"It's a very high honor to represent the trans(gender) community," Diamond said. "I feel a bit of pressure to do my best for them. And as a person who as a kid never felt safe in the sports scene, this is amazing to be welcomed and celebrated. I hope some other kids may see me and realize that it is OK to be who you are and express who you really are.
"It's also a personal milestone — as an individual, it's a huge, huge honor," she continued. "This is the year that I promised myself that I would prioritize my dream of becoming a professional entertainer and musician, and this is such an incredible opportunity to reach a wide audience. I hope that at the very least a few people in the music scene see me and realize I am a worthy member of that scene."
Diamond, who sews many of her own intricate drag costumes, has something special planned for the event.
"Oh, I'm going ridiculous," she said with a laugh. "I'm wearing a gigantic ball gown in the trans flag colors, with a big crinoline underneath. There will be rhinestones galore and matching vintage jewelry."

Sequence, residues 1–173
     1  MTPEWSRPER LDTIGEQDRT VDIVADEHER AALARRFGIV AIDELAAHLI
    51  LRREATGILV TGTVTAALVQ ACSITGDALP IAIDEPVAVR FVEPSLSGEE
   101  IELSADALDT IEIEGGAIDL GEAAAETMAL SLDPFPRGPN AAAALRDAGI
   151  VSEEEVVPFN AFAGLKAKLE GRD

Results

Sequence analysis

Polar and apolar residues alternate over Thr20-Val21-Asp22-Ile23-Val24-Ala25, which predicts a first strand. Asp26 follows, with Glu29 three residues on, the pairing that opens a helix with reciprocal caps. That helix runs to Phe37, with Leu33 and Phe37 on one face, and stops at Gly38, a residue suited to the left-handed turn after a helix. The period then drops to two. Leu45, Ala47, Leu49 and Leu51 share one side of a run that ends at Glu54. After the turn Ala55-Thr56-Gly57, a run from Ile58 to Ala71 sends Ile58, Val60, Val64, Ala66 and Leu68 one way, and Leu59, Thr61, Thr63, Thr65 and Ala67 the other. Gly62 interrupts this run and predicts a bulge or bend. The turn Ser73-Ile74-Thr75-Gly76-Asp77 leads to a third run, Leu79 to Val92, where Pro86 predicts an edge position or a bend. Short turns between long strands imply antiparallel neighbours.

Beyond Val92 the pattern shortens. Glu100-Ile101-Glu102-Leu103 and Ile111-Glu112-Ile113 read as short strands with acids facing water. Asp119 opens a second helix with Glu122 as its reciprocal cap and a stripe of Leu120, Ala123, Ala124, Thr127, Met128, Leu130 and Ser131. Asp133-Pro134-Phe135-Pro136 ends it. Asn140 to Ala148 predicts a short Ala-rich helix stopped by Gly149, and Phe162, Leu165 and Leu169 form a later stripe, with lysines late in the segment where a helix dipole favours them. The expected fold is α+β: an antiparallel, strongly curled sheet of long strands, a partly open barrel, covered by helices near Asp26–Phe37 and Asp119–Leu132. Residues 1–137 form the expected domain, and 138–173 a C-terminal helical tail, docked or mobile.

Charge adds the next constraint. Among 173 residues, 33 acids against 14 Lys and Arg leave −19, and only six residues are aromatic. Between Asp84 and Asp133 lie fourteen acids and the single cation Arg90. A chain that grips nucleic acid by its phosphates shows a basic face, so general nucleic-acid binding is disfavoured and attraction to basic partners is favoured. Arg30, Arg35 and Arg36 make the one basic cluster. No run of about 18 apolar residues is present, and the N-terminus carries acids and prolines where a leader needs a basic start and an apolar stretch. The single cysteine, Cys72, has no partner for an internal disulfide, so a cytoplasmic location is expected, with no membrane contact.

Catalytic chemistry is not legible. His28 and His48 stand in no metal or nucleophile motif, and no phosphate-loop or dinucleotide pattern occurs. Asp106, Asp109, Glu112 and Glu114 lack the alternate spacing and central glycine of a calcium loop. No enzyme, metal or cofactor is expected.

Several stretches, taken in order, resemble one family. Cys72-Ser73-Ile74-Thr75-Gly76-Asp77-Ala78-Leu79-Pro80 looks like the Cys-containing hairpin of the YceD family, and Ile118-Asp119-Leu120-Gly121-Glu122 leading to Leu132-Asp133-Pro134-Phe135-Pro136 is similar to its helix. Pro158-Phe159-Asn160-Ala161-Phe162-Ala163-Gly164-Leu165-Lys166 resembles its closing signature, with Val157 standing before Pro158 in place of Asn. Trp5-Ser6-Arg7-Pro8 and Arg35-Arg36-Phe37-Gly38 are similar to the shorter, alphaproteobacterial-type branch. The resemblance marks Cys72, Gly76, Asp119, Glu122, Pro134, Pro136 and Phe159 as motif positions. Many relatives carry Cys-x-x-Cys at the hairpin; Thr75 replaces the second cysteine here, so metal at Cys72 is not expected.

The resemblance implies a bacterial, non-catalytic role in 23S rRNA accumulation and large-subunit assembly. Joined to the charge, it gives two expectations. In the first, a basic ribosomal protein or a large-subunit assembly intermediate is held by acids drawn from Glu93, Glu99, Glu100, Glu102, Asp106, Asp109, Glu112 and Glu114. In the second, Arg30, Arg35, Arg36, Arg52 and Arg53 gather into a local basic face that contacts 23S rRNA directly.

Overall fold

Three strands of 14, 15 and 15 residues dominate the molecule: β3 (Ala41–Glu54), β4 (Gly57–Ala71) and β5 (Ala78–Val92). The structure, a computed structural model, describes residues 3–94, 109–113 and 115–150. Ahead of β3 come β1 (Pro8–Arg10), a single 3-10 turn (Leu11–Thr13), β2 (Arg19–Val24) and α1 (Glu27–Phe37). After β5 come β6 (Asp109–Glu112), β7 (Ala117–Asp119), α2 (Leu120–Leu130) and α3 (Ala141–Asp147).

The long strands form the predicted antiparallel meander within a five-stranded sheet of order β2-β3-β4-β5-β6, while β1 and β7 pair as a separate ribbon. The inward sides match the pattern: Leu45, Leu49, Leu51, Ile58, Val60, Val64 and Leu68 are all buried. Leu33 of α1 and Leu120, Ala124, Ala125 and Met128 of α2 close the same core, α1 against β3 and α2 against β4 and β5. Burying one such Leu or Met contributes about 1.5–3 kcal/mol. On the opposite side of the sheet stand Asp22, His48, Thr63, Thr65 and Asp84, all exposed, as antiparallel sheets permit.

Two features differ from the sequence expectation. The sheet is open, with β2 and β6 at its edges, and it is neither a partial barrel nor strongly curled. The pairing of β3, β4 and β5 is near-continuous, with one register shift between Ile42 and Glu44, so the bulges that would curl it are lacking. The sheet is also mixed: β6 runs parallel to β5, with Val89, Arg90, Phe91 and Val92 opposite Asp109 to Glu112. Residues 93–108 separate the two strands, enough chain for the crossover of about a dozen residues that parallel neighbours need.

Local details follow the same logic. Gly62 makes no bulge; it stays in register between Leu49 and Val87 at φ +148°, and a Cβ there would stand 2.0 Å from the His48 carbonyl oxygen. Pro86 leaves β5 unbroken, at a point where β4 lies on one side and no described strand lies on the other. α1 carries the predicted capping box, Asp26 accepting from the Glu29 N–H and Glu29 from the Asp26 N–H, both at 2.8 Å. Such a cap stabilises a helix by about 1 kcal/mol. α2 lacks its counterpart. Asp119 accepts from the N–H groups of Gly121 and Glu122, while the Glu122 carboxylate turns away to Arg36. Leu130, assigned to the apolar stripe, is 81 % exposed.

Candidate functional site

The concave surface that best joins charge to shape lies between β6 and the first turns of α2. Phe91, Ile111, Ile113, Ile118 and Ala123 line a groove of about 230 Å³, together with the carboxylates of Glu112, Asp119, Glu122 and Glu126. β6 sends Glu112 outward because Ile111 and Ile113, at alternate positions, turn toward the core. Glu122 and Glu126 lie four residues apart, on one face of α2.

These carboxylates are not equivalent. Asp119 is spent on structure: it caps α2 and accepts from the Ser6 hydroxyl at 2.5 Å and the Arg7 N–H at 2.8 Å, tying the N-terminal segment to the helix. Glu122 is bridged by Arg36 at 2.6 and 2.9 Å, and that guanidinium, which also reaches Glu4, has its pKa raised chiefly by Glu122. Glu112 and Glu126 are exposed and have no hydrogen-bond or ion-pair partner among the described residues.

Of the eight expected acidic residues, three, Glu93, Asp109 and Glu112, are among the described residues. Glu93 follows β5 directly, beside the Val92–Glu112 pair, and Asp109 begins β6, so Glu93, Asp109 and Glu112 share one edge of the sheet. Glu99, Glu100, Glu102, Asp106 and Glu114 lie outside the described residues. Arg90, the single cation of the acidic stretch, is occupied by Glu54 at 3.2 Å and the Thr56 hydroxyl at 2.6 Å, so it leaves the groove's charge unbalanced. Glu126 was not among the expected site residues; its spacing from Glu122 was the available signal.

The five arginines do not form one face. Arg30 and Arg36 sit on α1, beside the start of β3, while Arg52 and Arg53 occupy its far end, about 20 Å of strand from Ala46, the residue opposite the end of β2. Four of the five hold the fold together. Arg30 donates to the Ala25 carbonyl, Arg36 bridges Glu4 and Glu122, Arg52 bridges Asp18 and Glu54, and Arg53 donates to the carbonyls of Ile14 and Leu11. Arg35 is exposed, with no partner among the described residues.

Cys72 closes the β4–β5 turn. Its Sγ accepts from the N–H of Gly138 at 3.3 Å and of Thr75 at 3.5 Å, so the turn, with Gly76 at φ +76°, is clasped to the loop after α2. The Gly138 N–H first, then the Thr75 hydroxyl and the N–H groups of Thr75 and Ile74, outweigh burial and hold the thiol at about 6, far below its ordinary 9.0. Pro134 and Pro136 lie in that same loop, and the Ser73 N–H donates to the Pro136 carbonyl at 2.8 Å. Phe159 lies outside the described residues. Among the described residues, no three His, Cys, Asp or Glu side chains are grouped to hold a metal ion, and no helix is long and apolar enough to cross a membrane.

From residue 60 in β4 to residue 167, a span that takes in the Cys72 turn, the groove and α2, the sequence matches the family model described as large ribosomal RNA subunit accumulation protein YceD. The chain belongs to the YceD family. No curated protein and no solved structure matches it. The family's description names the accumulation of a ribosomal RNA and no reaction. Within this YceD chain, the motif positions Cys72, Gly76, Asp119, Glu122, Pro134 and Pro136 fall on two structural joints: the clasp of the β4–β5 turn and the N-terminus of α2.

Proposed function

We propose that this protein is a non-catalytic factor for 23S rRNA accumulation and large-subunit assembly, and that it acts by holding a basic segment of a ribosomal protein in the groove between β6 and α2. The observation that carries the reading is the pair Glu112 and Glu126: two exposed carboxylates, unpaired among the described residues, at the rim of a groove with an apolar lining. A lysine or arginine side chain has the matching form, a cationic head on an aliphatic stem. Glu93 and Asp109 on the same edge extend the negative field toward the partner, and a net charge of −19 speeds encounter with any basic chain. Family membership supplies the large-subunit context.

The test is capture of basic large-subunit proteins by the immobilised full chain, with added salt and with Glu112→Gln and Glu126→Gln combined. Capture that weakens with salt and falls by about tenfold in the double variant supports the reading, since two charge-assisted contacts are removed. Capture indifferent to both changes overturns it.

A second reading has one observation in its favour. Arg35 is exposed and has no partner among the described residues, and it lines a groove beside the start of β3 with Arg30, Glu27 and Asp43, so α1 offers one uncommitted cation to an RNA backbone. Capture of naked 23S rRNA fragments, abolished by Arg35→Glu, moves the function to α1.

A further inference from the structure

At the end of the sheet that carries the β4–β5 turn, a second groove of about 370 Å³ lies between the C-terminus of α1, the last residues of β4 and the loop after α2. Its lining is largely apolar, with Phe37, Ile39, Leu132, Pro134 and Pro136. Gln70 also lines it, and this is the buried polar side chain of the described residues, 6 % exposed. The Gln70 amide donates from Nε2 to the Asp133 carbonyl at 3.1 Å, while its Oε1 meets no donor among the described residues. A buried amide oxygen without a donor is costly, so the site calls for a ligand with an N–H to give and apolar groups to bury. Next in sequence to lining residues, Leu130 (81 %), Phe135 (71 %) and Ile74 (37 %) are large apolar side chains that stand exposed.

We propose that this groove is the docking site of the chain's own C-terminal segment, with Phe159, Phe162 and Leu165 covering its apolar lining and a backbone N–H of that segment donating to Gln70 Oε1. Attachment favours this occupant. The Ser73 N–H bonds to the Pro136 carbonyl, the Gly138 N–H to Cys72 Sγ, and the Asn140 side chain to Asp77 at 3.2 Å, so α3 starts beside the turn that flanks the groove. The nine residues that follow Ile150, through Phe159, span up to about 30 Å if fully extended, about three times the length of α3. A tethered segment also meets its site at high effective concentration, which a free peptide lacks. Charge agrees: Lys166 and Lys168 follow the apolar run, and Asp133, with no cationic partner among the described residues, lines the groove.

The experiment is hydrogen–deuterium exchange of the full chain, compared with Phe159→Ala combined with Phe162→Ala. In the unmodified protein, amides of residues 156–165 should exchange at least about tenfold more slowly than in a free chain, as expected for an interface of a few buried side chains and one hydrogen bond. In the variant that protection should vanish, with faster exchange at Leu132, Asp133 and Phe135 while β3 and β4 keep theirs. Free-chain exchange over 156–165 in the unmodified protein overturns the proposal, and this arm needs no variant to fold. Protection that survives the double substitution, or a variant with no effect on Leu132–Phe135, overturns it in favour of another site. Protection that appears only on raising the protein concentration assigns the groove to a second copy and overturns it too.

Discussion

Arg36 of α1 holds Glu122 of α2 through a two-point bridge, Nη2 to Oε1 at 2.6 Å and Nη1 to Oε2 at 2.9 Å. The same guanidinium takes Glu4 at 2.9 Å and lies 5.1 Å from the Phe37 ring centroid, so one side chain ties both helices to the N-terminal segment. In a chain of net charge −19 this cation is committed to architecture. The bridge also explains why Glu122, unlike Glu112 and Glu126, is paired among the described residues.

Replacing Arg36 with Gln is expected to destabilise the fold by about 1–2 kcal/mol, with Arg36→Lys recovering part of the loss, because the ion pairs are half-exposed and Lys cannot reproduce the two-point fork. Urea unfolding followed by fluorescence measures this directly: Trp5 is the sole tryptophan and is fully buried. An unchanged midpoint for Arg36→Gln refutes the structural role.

Since no heels are allowed on field (no divots, please!) she found a pair of rhinestone sandals.
Diamond, who said she wants to make her hometown of Ashland proud as well, said if she is allowed to speak prior to the anthem, she'd like to dedicate her performance to "anyone at home or in the stadium who is still figuring out who they are. It's not only OK to be who you are, but you need to know you are beautiful and you are important. I want to send a message that you deserve to feel safe and to be yourself."
See her sing
• Dora Diamond will performs the national anthem at 7 p.m. June 14, at American Family Field, Milwaukee, prior to the Brewers-Cincinnati game. Anyone with Spectrum or DirecTV broadcast services should be able to view the performance, which will also be live streamed on AT&T TV. You can also see Dora perform some of her original songs on YouTube – search for Dora Diamond.